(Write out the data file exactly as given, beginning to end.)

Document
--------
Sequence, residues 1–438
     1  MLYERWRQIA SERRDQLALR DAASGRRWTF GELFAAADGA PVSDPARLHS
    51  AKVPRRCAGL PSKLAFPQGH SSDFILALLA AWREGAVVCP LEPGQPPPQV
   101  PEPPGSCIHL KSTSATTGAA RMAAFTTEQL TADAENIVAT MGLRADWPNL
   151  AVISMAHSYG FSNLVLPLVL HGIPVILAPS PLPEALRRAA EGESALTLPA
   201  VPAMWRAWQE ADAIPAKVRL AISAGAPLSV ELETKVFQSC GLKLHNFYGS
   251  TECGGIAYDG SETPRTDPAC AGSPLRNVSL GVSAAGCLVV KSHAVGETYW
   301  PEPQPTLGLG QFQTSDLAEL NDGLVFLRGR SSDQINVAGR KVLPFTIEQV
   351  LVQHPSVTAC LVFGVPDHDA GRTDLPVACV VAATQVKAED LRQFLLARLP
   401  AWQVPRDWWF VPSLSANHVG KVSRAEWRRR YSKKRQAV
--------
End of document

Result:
Sequence, residues 1–438
     1  MLYERWRQIA SERRDQLALR DAASGRRWTF GELFAAADGA PVSDPARLHS
    51  AKVPRRCAGL PSKLAFPQGH SSDFILALLA AWREGAVVCP LEPGQPPPQV
   101  PEPPGSCIHL KSTSATTGAA RMAAFTTEQL TADAENIVAT MGLRADWPNL
   151  AVISMAHSYG FSNLVLPLVL HGIPVILAPS PLPEALRRAA EGESALTLPA
   201  VPAMWRAWQE ADAIPAKVRL AISAGAPLSV ELETKVFQSC GLKLHNFYGS
   251  TECGGIAYDG SETPRTDPAC AGSPLRNVSL GVSAAGCLVV KSHAVGETYW
   301  PEPQPTLGLG QFQTSDLAEL NDGLVFLRGR SSDQINVAGR KVLPFTIEQV
   351  LVQHPSVTAC LVFGVPDHDA GRTDLPVACV VAATQVKAED LRQFLLARLP
   401  AWQVPRDWWF VPSLSANHVG KVSRAEWRRR YSKKRQAV